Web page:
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How Ellen White Grew from Fear to Joy:
New Resources for Pastors

by Arthur Patrick

A pervasive challenge for many pastors is how to lead diverse congregants to experience fellowship and invest their talents and energies in the mission of Christ. To enable our people to transcend conflict, trusting each other and cooperating in local church settings is seldom easy, but it is vital.

The writings of Ellen White are an invaluable aid in congregational life but they can also be, if misunderstood, a source of divisive controversy. A book from Pacific Press is now available to support pastors who wish to enhance their members’ understanding of Ellen White’s life and writings.

Entitled Escape from the Flames: How Ellen White grew from fear to joy—and helped me to do it too, this jargon-free, 191-page book presents profound thinking in everyday language.

Author Alden Thompson is well known for his five-part “Sinai to Golgotha” series in Adventist Review (December 1981), as well as his books Who’s Afraid of the Old Testament God? (fourth edition, 2003) and Inspiration: Hard Questions, Honest Answers (1991). (A wide range of related materials are on Thompson’s website: <>.)

The “growth model” espoused in Escape from the Flames was conceived in 1979 when Thompson was first assigned to teach Adventist history. Fresh from reading the nine volumes of Testimonies for the Church, he began to test and apply his understanding of biblical inspiration with reference to the writings of Ellen White.

There were 80 students in that first class. Devout conservatives “rejoiced because they sensed that God’s hand was clearly leading in Ellen White’s growing experience,” whereas left-leaning liberals found “a model that allowed them to be absolutely honest with all the evidence.” Now Thompson confesses: “In that class, I glimpsed something that I sensed could work for the entire Adventist family” (Escape from the Flames, page 31).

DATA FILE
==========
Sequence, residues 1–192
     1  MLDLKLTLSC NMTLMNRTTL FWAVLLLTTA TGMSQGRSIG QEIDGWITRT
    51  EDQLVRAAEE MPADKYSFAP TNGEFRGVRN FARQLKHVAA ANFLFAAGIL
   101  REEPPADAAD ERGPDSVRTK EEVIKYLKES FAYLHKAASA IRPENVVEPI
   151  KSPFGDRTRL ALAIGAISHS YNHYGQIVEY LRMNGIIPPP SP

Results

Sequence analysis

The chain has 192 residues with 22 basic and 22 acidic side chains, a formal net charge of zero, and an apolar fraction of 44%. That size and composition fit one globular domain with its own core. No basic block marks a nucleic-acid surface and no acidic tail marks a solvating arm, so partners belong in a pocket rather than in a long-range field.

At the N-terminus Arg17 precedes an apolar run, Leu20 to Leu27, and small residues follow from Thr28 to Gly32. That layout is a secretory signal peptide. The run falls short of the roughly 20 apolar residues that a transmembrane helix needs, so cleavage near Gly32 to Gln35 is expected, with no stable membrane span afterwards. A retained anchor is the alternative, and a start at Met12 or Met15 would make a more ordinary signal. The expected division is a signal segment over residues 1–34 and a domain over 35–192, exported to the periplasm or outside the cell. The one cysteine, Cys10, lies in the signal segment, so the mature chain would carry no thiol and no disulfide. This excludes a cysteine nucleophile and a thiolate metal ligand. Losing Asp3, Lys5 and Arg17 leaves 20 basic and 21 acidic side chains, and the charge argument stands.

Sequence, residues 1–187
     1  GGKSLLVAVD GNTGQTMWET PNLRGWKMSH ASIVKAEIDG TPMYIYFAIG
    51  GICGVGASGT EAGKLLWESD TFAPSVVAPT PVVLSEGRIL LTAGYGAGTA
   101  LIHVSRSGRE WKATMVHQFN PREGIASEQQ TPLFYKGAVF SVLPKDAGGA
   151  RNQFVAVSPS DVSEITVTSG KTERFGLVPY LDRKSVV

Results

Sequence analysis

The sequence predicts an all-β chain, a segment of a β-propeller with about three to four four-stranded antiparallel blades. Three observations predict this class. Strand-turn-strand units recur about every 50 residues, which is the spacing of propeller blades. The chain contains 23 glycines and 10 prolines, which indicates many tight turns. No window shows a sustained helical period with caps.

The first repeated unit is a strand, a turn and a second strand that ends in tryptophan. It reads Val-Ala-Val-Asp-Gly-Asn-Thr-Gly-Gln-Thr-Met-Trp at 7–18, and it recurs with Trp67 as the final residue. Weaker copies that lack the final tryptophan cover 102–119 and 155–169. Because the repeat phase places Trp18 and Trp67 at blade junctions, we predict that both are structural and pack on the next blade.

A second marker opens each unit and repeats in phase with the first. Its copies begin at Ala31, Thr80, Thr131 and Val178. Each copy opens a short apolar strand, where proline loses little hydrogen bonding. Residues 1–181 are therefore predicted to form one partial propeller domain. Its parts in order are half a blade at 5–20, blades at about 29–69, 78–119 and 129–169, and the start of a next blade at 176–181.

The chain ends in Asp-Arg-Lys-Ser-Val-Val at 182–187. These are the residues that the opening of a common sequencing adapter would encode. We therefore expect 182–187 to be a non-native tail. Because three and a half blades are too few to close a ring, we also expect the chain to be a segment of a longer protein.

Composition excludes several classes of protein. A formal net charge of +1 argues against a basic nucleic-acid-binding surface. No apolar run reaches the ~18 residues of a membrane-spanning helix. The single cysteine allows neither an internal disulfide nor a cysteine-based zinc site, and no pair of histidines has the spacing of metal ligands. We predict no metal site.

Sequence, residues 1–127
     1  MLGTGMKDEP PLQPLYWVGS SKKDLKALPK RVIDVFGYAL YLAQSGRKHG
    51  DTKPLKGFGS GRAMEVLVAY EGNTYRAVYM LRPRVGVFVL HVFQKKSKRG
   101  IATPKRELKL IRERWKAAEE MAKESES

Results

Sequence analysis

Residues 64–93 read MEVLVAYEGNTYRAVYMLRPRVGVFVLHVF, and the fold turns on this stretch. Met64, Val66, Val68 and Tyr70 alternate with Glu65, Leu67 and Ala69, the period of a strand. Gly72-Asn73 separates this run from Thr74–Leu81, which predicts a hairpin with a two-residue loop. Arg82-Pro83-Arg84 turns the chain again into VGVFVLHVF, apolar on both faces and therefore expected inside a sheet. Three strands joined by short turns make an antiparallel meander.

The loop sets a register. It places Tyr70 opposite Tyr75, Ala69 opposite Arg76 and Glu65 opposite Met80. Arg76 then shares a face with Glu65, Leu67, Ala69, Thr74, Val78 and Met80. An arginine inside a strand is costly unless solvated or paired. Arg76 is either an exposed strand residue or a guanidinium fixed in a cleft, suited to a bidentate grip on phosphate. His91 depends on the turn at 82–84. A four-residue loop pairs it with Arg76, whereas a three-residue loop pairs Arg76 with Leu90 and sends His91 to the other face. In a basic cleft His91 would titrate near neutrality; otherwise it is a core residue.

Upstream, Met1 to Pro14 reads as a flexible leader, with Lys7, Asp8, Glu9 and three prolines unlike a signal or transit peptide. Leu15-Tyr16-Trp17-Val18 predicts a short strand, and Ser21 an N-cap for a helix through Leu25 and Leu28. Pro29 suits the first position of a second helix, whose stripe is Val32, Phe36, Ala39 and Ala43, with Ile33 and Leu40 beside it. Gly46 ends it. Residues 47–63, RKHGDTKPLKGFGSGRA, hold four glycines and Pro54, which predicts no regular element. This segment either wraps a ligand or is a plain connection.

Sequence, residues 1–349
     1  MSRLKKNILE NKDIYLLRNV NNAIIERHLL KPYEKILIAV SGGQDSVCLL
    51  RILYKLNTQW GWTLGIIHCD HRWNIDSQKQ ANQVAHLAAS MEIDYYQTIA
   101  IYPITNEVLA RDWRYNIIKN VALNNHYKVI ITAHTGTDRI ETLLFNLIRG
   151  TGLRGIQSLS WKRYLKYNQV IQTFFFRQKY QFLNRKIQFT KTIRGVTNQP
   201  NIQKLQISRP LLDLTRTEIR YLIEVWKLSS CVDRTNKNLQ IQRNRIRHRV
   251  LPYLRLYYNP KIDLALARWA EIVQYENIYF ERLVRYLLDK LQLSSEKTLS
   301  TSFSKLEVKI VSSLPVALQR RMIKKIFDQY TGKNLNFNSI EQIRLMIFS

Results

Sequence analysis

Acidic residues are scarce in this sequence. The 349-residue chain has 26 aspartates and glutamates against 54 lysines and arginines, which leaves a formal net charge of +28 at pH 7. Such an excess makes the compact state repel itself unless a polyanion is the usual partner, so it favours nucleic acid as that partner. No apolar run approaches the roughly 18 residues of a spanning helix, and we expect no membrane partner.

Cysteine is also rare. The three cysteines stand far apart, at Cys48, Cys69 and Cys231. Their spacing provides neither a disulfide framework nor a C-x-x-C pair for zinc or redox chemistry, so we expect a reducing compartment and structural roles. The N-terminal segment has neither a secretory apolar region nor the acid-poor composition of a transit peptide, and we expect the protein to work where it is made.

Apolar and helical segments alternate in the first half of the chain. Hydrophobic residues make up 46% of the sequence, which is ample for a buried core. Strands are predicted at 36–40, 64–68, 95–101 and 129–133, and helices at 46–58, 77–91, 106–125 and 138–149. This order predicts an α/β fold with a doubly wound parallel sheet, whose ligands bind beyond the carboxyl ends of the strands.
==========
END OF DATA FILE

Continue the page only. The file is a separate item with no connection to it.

Only an ardent devotee of Scripture could paint the picture that Thompson’s words portray. It is of a loving God that meets the needs of His people through inspired writings for Israel (Old Testament), the early Christian church (New Testament) and Adventists (through Ellen White). The strengths of his book are many, with several standing tall: its solid foundation in Scripture; its wide and deep understanding of Adventist heritage; its penchant for listening actively to everyone in the Adventist community, even those who disagree sharply.

The theme of inspiration is presented honestly, insightfully, believably. Both the Bible and Ellen White’s writings are thereby illumined; especially do her principal historic statements on inspiration glow with fresh meaning. So here is a book that can draw Adventists into unity of understanding and, therefore, better equip us for life together (fellowship) and witness (mission) to a world that needs to know the love of God and respond to His last-day message.

hose who want to understand Ellen White’s spiritual gift must read this stimulating book if they are to stay abreast of the vibrant, ongoing conversation within Seventh-day Adventism. The pastor who reads Escape from the Flames will be stimulated by Thompson’s wisdom, distilled from years of intense study, classroom discussions, seminar exchanges and pulpit reflections. Church members who use the book to hone their individual perceptions and enliven congregational dialogue will be enriched in faith and drawn toward a sustainable understanding of God’s leading in the Adventist past. Such experiences have the potential to facilitate a joyous sense of community, willing service and enthusiastic witness.


Arthur Patrick
Research Fellow,
Avondale College
11 April 2005

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